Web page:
Jacob Camenker: Dalton Kincaid. The Bills tight end enjoyed a solid season as a first-round rookie, and after a brief lull, he came up big in Buffalo’s final two games. He logged back-to-back performances with at least 84 receiving yards to close the season and seems to have emerged as Josh Allen’s second-favorite target over Gabe Davis. The Bills should keep attacking the middle of the field in the postseason, especially with a favorable matchup looming against the Steelers linebackers and safeties, so that could allow Kincaid to establish himself as one of the NFL’s next great tight ends.
Edward Sutelan: David Njoku. Njoku doesn’t quite get talked about in the conversation of best tight ends in the league. That might change with a big game or two in the postseason. Before Joe Flacco arrived in Cleveland, Njoku averaged 44.7 yards and 4.6 receptions per game. In the five games with Flacco throwing him passes, he’s averaged six catches for 78 yards per game. That yardage average sky-rocketed to seven catches for 93.3 yards per game over the final four contests. With his size and speed in the open field, Njoku has the potential to be a matchup nightmare and difference-maker for the Browns’ offense.
What offense do you trust the most?
Vinnie Iyer: San Francisco 49ers. The 49ers are the easy answer. Brock Purdy has had an exceptional season, but starting with Trent Williams’ blocking and going through Christian McCaffrey, Deebo Samuel, Brandon Aiyuk, and George Kittle, the 49ers present four incredible matchup problems with their offensive skill principles. They can win with the running game, shorter throws, and deep passing. There is not much to take away from them with any defense.
Bill Bender: Dallas Cowboys. The Cowboys have a 48.3-percent conversion rate on third down, and they are one of our teams that averaged 250-plus passing yards and 100-plus rushing yards. Miami, San Francisco, and Detroit are the others. Which quarterback among Dak Prescott, Brock Purdy, Tua Tagovailoa, and Jared Goff do you trust the most? Purdy is the easy answer, but those other three will have to prove they can win a road playoff game.
Matt Lutovsky: Los Angeles Rams. Kansas City, Buffalo, Miami, and Philadelphia have ruled themselves out with uneven play, especially against good opponents. Detroit has problems on the road (especially outdoors), and we’re not ready to go all-in on Joe Flacco, Baker Mayfield, Jordan Love, Mason Rudolph, or rookie C.J. Stroud in the playoffs. That leaves Dallas, San Francisco, Baltimore, and the Rams. Baltimore is loaded, but Lamar Jackson has struggled in the playoffs throughout his career. He’s in a different offensive system now, but we’re still a little hesitant to pick the Ravens. L.A. has been dominant when Cooper Kupp and Kyren Williams have been healthy (28.5 points per game), and with a Super Bowl-winning QB and one of the NFL’s top playcallers calling the shots, the Rams are as dependable as it gets when it comes to offensive production.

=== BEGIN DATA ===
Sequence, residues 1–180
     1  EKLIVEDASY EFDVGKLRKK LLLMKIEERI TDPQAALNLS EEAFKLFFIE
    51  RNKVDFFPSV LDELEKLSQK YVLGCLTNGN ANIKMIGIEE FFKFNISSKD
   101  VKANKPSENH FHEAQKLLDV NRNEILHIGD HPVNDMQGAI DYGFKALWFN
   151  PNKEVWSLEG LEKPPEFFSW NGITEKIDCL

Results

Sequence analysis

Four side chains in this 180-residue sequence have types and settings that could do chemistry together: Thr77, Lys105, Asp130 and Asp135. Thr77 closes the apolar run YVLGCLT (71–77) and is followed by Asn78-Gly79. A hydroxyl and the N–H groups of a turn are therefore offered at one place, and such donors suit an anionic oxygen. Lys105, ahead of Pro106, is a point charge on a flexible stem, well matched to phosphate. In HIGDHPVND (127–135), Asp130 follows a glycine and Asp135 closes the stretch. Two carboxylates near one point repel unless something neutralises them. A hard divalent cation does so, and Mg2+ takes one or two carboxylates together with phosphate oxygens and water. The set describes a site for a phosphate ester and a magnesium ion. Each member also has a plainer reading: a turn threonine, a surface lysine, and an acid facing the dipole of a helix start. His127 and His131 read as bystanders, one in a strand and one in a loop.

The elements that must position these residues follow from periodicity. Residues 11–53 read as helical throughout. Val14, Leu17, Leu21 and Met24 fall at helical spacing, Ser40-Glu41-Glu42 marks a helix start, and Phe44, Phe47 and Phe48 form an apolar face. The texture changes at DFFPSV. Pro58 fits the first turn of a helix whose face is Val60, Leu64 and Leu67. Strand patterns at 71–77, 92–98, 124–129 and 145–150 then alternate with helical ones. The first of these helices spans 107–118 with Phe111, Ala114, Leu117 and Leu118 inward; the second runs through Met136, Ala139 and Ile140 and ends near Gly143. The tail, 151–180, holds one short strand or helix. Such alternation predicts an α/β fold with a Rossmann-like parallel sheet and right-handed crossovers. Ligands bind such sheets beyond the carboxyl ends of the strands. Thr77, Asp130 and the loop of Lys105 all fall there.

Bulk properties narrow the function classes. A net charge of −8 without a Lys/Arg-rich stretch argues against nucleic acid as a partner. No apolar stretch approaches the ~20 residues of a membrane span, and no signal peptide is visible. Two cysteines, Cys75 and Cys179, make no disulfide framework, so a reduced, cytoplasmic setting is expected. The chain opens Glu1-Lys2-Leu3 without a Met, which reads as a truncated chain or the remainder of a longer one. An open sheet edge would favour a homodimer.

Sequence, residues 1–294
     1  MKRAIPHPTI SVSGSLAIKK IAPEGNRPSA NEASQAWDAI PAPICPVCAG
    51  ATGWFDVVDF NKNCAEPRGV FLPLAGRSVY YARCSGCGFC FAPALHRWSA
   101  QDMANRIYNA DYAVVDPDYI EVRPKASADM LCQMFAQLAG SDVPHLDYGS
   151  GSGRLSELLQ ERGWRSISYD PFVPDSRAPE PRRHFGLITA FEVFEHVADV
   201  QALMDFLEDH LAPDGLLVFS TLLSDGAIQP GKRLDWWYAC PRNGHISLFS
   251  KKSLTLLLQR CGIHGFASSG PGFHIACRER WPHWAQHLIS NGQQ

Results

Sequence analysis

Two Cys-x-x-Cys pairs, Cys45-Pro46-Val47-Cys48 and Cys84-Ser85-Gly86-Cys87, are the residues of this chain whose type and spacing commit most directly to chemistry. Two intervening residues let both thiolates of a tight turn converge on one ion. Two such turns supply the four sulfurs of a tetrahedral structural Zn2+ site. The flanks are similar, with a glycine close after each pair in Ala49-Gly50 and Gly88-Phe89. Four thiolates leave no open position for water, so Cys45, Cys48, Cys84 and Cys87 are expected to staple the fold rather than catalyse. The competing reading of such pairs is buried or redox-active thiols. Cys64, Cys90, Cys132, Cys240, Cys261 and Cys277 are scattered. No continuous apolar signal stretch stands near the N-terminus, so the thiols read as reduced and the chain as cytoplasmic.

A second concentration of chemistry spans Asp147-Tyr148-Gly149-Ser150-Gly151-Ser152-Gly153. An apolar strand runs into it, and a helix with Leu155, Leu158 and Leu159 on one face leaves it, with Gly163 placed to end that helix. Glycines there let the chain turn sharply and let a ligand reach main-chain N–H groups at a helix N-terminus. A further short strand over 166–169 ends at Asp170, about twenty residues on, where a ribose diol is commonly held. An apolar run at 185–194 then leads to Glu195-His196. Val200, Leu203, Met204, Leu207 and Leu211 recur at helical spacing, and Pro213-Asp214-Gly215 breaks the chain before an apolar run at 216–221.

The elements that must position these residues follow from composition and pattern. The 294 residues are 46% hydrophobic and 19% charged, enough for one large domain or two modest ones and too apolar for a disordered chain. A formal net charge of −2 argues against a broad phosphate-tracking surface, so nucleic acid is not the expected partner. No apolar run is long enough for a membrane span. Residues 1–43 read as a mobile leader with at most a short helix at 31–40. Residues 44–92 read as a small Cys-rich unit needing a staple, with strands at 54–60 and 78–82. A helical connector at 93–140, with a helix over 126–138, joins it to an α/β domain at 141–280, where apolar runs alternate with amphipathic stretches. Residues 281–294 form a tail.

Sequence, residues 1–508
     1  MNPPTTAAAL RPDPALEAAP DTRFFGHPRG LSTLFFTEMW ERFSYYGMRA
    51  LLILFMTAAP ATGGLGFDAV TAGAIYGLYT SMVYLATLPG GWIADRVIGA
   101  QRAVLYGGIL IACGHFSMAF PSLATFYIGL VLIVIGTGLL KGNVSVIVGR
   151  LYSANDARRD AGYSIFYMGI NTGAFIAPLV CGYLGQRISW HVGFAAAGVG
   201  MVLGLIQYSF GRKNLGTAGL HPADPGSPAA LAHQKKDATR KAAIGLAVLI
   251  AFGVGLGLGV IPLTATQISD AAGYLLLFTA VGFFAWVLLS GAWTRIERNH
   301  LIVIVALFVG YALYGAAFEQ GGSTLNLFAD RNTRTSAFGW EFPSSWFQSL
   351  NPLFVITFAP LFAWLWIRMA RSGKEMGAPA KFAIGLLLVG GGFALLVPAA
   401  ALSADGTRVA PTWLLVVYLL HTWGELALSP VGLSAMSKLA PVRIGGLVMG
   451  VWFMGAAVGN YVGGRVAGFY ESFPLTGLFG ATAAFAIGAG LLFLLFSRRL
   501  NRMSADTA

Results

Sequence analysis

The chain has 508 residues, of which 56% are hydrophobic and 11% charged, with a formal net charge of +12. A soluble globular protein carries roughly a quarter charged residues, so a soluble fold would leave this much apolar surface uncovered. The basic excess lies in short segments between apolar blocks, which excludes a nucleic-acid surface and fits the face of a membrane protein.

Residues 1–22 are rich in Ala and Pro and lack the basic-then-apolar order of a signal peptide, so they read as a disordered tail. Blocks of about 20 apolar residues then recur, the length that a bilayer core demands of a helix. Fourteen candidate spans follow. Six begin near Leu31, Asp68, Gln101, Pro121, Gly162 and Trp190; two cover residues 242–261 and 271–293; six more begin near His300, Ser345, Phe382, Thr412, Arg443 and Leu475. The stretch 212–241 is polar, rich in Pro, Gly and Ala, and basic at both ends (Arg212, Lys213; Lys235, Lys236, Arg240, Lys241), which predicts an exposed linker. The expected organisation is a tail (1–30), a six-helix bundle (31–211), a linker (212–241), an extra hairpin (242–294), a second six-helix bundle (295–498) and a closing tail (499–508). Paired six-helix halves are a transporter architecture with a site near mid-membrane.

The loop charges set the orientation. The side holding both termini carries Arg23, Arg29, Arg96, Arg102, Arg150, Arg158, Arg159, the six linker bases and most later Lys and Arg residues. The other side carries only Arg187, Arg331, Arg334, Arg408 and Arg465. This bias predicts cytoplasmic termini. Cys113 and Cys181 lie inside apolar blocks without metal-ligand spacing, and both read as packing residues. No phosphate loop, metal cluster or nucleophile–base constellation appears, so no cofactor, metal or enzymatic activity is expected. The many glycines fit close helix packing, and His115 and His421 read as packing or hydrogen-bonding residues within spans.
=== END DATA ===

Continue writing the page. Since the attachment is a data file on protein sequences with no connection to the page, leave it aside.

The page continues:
Jacob Camenker: San Francisco 49ers. This category is a tough one, as several offenses could have a claim to this spot, but the 49ers are probably the safest of the bunch. Even Brock Purdy detractors can acknowledge that he had a good season, leading the NFL with a 113.0 passer rating and a yards-per-attempt average of 9.9. He may wilt at times against stronger defenses, but as long as Trent Williams is healthy, he should have enough time in the pocket to make plays. Add in that Purdy is surrounded by Christian McCaffrey, Bradon Aiyuk, Deebo Samuel, and George Kittle, among others, and the 49ers have the highest floor of any team in a volatile playoff field.
Edward Sutelan: Los Angeles Rams. Los Angeles has quietly been among the most reliable offenses in recent weeks. Before resting starters in Week 18, the Rams averaged 31.3 points per game since the start of Week 12, topped only by the 49ers’ average of 32 points per game. Kyren Williams has been a revelation at running back this season with 5.0 yards per carry and over 1,100 yards in just 12 games. Los Angeles has a veteran quarterback in Matthew Stafford and a standout one-two punch at wide receiver in Cooper Kupp and Puka Nacua. Sure, the Rams aren’t as flashy as other teams, but they haven’t scored fewer than 26 points with all their starters playing since Week 11.
What defense do you trust the most?
Vinnie Iyer: Kansas City Chiefs. The Chiefs have the most reliable all-around defense. They are right in between the Ravens and 49ers in scoring defense, allowing the second-fewest points per game this season. They also are No. 2 in total defense behind the Browns. The Chiefs chose to throw a little more money and resources at their defense for this Super Bowl run, and studs such as Chris Jones and L’Jarius Sneed will be motivated by big offseason paydays. Steve Spagnuulo also has schemed the group to high performance, reminiscent of his 2007 Giants.